Funk-fusion trio Eclectica hits Carbondale Mountain Fair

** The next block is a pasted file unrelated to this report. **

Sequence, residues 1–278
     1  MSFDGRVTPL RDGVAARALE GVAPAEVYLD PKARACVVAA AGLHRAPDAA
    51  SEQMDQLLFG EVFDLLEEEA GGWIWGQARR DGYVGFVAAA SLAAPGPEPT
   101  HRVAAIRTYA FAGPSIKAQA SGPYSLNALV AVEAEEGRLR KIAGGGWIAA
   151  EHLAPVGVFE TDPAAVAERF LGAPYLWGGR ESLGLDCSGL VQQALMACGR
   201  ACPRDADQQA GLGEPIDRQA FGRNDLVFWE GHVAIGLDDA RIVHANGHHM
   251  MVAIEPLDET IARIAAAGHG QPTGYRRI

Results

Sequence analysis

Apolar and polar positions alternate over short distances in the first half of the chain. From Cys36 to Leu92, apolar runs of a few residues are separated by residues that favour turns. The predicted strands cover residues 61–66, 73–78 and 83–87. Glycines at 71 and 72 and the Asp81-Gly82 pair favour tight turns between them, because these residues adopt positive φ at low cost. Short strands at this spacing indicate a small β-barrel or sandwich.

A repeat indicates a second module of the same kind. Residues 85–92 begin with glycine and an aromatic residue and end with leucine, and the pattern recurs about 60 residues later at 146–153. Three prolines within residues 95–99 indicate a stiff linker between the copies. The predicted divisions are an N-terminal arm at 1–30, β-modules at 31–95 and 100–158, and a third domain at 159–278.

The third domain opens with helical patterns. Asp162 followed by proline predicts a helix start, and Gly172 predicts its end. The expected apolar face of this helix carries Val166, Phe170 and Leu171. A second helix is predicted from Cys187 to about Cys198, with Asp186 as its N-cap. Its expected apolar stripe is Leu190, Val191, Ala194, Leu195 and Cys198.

CARBONDALE -Poor Mr. and Mrs. Silverman. Just when their boy, Tracy, looked like he was going to start putting all that classical violin training to good use, he goes and gets himself mixed up with a bunch of guys dressing all crazy, and playing that rock and funk music. And excuse me mister, did we send you to Juilliard to learn how to play proper music just so you could go and “jam” on some “grooves” without even looking at those written scores you spent years learning how to read?Actually, the Silvermans profess a liking for Eclectica – an idea that Tracy Silverman finds slightly worrisome and strange, given that his parents have tended to prefer the concertos and chamber music he has played not infrequently in his career. Eclectica, which makes its valley debut with an appearance at 7 p.m. Friday at Carbondale Mountain Fair, features drummer Roy “Future Man” Wooten, best known for his membership in Bla Fleck & the Flecktones; bassist Steve Forrest, who plays in a group with Wooten and Wooten’s brothers; and Silverman. The group was born out of a rushed-together gig at Nashville’s Frist Center for the Visual Arts, and a single-day recording session at Nashville’s Ocean Way Studios, which yielded all the basic tracks for an album, “Streaming Video Soul,” released last year.The trio has done its best to maintain the improvised, play-don’t-plan quality that surrounded it from the beginning. “The idea was, we really wanted to preserve the sense of spontaneity, creativity – the thing that happens best when people play in the moment,” the 50-year-old Silverman said from his home in Nashville, speaking of the session for “Streaming Video Soul.” “We very loosely sketched ideas and tried not to define it too much. We let ourselves just ramble in the studio – and then it was my large task to put it all together.”Silverman was speaking about the recording session, but the approach applies equally, if not more so, to the stage. “One of the rules is, you’ve got to be a good improviser,” he said of the band. “We can go from playing a movement from one of my concertos to a tune that is funky, almost with rap stuff in it. We let the tunes take off however we’re feeling, so that one night it’s James Brown, the next night, it’s Stravinsky. That’s the idea – to have freedom.”••••Silverman was raised to play a more straight-laced style. A native of New York but raised in Wisconsin, he returned to Manhattan at the age of 8 to attend Juilliard’s pre-college division – “kind of doing the child prodigy thing,” he said. Silverman was modest in saying this, but it was the truth: He made his professional debut at the age of 13, playing Saint-Sans’ Violin Concerto with the Chicago Symphony. At 16, he entered Juilliard’s regular program, studying with Ivan Galamian.But Silverman quickly became more interested in things outside of the standard classical violin realm. He wanted to compose, and sing, and play jazz and pop music. And he wanted to construct a six-string violin that had the range of an electric guitar. “I thought it would take a year or two to become a rock star on the violin,” he said.Silverman spent 10 years playing in and fronting rock bands, without ever becoming the violin equivalent of Ian Anderson, the flute-playing leader of rock band Jethro Tull. But he did earn plenty of respect as a musician, and was drafted to play first violin in the innovative jazz combo, the Turtle Island String Quartet. He spent time in Brazil playing with South American musicians, wrote a concerto for electric violin, and collaborated frequently with composer Terry Riley on projects that were inspired by Indian raga music.About a decade ago, Silverman caught the ear of composer John Adams, who invited him to play some incidental violin for a project Adams was creating for the Los Angeles Philharmonic. As the piece developed, the violin component grew more and more prominent until it became a work for solo electric violin and orchestra, titled “The Dharma at Big Sur.” The project was, said Adams, “the closest thing to a genuine collaboration I’ve ever done with a performer.”The Adams collaboration, while hardly the only classical project Silverman has undertaken, is the most prominent; he is scheduled for seven orchestra engagements to play “The Dharma at Big Sur.” “Which is satisfying, because my parents gave me hell for playing the rock ‘n’ roll,” he said. The Silvermans are, no doubt, doubly satisfied that, in 2012, Silverman is also going to premiere a new Terry Riley composition, commissioned by the Nashville Symphony Orchestra, and that the piece is also set for a Carnegie Hall date.Future Man – known to friends as “Futch” – has given Silverman not only a reason to rock out again, but to check out Nashville. A decade ago, Futch was putting together a performance – “a cool gig, as Futch does, one of his extravaganzas with all these improvising musicians from all over the country,” Silverman said. Silverman, who was living in the San Francisco Bay area at the time, was among the invited, although he still doesn’t know what caused Futch to include him. Playing alongside such adventurous musicians as bassoonist Paul Hanson, violinist Mark Feldman and the Flecktones saxophonist Jeff Coffin, he saw a side of Nashville he didn’t know existed.”I thought, Wow, Nashville’s a really cool place. It gave me a very positive first reaction. I was expecting pointed boots and cowboy hats. But there’s a lot more to Nashville than that,” Silverman said. Within a few months, he had moved to Nashville.Among the things that Nashville had was the Wootens: Victor, the bassist for the Flecktones; oldest brother Regi, a guitarist; keyboardist Joseph; and saxophonist Rudy, who died earlier this month. Not least among them is Roy, the drummer who took on the futuristic persona of Future Man after he invented the synthax drumitar, a percussion synthesizer held like a guitar, but with electric pads instead of strings. Despite the surface gimmickry of the instrument, Futch is considered a first-rate musician.”I remember thinking, this is one of the most musical cats I’d known. He just lives and breaths music,” Silverman said. “Now I know, that’s a trademark of the Wooten brothers. Reggie – he is the muse. He is music itself.”After the gig with Future Man, Silverman found himself wishing for an extended life for the collaboration. When Silverman was booked to do a show for the Frist Center, he called on Future Man. With little time to rehearse, they improvised a show out of basic grooves.When it came time to make an album, the two brought in Kyle Whalum to play bass. Whalum has since joined a touring country band, and Steve Forrest, bassist for the Wooten Brothers Band’s weekly gig at Nashville’s 3rd & Lindsley club.In Eclectica, Future Man sticks to the ordinary drum set. But Silverman notes that he does extraordinary things with it.”He’s amazing on acoustic drums, a very dynamic player,” Silverman said. “He can play super light and jazzy, and then just slam it and funk it. He’s a cross between orchestral percussionist and someone who’s familiar with Steve Reich, and the funkiest, bad-ass drummer you’ve ever heard.”If Mr. and Mrs. Silverman are in the crowd tonight, no doubt they’ll be looking for that first side of Future Man, and of Eclectica. But they should also keep in mind that, if not for their son’s rock and funk sides, Tracy Silverman might not be lined up to play a bunch of classical concerts ahead.”The irony is not lost on me that it was because of my unusual history that John Adams wanted to work with me,” he said. “I had taken this very different journey through rock and pop and songwriting and ethnic music that appealed to John,” he said. “He has access to any violinist he could possibly want, but he specifically wanted someone who played different than that.”firstname.lastname@example.org